Article | Last updated: 29/01/2024 | Ministry of Climate and Environment
Norway is committed to an ambitious climate policy and has a target under the Paris Agreement of 55 % GHG emissions reduction by 2030 relative to 1990 levels (Nationally Determined Contribution – NDC).
In addition to the NDC commitment, Norway will become climate neutral by 1 January 2030. This means that Norway must ensure that remaining Norwegian greenhouse gas emissions are compensated by equivalent emission reductions in other countries. Norway is supporting developing and emerging economies to transition to low-carbon societies by engaging in cooperative approaches under Article 6 of the Paris Agreement. Emission reductions achieved through this cooperation can contribute towards Norway’s climate neutrality target.
Under the Kyoto Protocol (2008-2020), Norway’s procurement of carbon credits under the Clean Development Mechanism (CDM) was a supplement to national measures to reduce global greenhouse gas emissions. It made it possible for Norway to undertake more ambitious emission reduction targets than if all the reductions had been taken domestically.
In the first Kyoto Period (2008-2012) Norway had a commitment to limit emissions to 1% of 1990 levels. The commitment was met through domestic measures and net acquisitions by Norwegian participants in the European Emission Trading System (EU ETS). Norway signed agreements with total deliveries of about 23 million Certified Emission Reductions (CERs) under CDM. About 20 million CERs was used to meet the unilateral target of overachieving Norway's commitment for 2008-2012 by 13%.
In the second Kyoto period (2013-2020), Norway procured carbon credits under CDM from new, not yet commissioned projects, and from vulnerable projects. Norway procured carbon credits to reduce emissions by an average of 16% through the period. This commitment was derived from its target of 30% emission reductions by 2020. The commitment was met through domestic measures and net acquisitions by Norwegian participants in the EU ETS and a small contribution of CDM units from the procurement program. In addition, Norway has acquired about 30 million CERs that represent further emission reductions over and above the commitments under the Kyoto Protocol.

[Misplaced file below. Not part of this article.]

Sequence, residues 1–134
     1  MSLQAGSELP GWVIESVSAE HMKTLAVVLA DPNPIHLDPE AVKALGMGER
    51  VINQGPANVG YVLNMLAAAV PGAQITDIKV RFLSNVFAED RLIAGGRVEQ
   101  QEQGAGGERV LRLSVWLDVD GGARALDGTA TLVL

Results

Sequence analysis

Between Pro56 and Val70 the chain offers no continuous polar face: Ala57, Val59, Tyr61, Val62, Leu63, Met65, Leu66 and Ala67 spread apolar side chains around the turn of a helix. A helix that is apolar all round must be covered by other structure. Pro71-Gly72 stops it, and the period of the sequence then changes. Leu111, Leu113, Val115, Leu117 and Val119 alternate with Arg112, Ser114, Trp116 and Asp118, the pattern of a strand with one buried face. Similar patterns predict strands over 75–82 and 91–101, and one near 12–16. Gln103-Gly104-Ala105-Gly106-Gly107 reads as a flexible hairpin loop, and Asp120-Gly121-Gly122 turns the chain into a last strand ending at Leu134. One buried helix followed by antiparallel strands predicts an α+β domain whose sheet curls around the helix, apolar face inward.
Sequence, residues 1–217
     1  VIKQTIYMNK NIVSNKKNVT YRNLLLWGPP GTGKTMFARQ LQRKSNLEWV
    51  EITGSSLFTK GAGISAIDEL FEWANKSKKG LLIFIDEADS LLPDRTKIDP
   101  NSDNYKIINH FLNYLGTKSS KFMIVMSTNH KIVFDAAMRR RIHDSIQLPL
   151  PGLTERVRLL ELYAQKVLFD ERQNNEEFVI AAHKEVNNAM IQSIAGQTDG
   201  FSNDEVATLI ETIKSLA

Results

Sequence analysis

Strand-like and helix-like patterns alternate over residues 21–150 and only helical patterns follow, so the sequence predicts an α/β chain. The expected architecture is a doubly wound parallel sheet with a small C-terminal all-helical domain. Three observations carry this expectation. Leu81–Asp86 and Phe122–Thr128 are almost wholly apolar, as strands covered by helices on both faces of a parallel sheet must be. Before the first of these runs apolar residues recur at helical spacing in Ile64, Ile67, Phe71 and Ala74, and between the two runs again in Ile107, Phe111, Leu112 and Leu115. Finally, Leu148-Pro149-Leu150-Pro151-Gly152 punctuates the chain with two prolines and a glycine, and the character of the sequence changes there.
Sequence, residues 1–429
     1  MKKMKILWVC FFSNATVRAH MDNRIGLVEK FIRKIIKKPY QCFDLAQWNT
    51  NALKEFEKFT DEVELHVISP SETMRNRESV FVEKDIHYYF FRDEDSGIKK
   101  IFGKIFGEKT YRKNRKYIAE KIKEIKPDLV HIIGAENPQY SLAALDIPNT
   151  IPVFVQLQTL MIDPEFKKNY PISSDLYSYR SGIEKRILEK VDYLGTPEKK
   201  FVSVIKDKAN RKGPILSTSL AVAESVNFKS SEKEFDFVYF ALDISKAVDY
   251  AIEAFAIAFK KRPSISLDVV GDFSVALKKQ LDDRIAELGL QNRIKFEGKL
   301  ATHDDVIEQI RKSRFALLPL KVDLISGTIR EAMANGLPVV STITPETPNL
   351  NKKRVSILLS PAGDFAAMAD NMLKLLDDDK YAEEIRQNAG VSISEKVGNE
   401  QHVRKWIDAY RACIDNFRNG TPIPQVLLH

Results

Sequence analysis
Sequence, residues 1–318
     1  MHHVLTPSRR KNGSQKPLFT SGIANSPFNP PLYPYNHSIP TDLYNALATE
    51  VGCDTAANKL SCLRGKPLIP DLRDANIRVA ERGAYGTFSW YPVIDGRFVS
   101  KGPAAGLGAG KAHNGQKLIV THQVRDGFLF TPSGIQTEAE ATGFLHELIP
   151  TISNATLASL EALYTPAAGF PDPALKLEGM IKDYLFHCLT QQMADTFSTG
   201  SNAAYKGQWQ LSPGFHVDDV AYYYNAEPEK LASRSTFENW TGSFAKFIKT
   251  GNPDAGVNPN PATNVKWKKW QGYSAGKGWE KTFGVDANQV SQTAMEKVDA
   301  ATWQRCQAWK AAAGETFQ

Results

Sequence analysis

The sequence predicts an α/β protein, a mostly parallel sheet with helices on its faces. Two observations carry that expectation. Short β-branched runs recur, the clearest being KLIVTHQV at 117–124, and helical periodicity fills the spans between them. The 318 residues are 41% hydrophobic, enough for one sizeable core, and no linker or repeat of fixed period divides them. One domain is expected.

The adoption of the Paris Agreement in 2015, and its Article 6 on Cooperative Implementation, represents a shift in the global carbon compliance market.
Under the Kyoto Protocol only developed countries had to commit to reductions in emissions. Under the Paris Agreement, all Parties have established targets in the form of Nationally Determined Contributions. Article 6 makes it possible for countries to pursue voluntary cooperation in the implementation of NDCs, and other mitigation purposes. The cooperation is governed by the Article 6 rulebook, adopted at UNFCCC COP26 in October 2021. Under this framework a seller country will be able to transfer carbon credits earned from the reduction of greenhouse gas emissions to a buying country. An important principle is that emission reductions should not be double counted for, to not overestimate global emission reductions. This means that only one country may count the emission reductions towards their NDC. An accounting mechanism, “corresponding adjustment,” is therefore established to ensure that double counting does not occur.
Cooperation under Article 6 allows for higher ambitions, faster transition, as well as co-benefits such as technology transfer, livelihood support and job creation. Environmental integrity is an important element under Article 6, and a prerequisite in Norway’s work with cooperative approach. Environmental integrity means that the greenhouse gas emissions do not increase as a result of such transfers, and that the mitigation outcomes generated is calculated by setting a stringent or conservative baseline.
The international transferrable mitigation outcomes (ITMOs) collaborations under Article 6 is intended to contribute towards Norway’s climate neutrality target. The climate neutrality target is part of Norway’s overall efforts internationally to reduce global emissions. It has the potential to increase Norway’s contribution towards combating climate change and enables capacity building on renewable energy and other climate initiatives in developing countries.
Norway is one of several participating countries in the Transformative Carbon Asset Facility (TCAF), an initiative under the World Bank. TCAF was launched in 2015 and seeks to assist and incentivize countries to raise their climate ambitions by implementing economy-wide or sectoral policies and programs that create conditions for private sector investments in low-carbon technologies. TCAF also works to inform the ongoing processes under Article 6 of the Paris Agreement by developing standards and agreements for carbon crediting instruments and transfer of mitigation outcomes in accordance with the Article 6 rulebook.
In addition to its participation in TCAF, Norway is pursuing opportunities for cooperative approaches through the Global Green Growth Institute (GGGI).
Documents related to the Kyoto Protocol:
Documents related to Paris Agreement and Article 6:
Ministry of Climate and Environment
Climate Change Department
P.O.Box 8013 Dep
NO-0030 Oslo, Norway
Sigrid Eilertsen Valberg
John Erik Prydz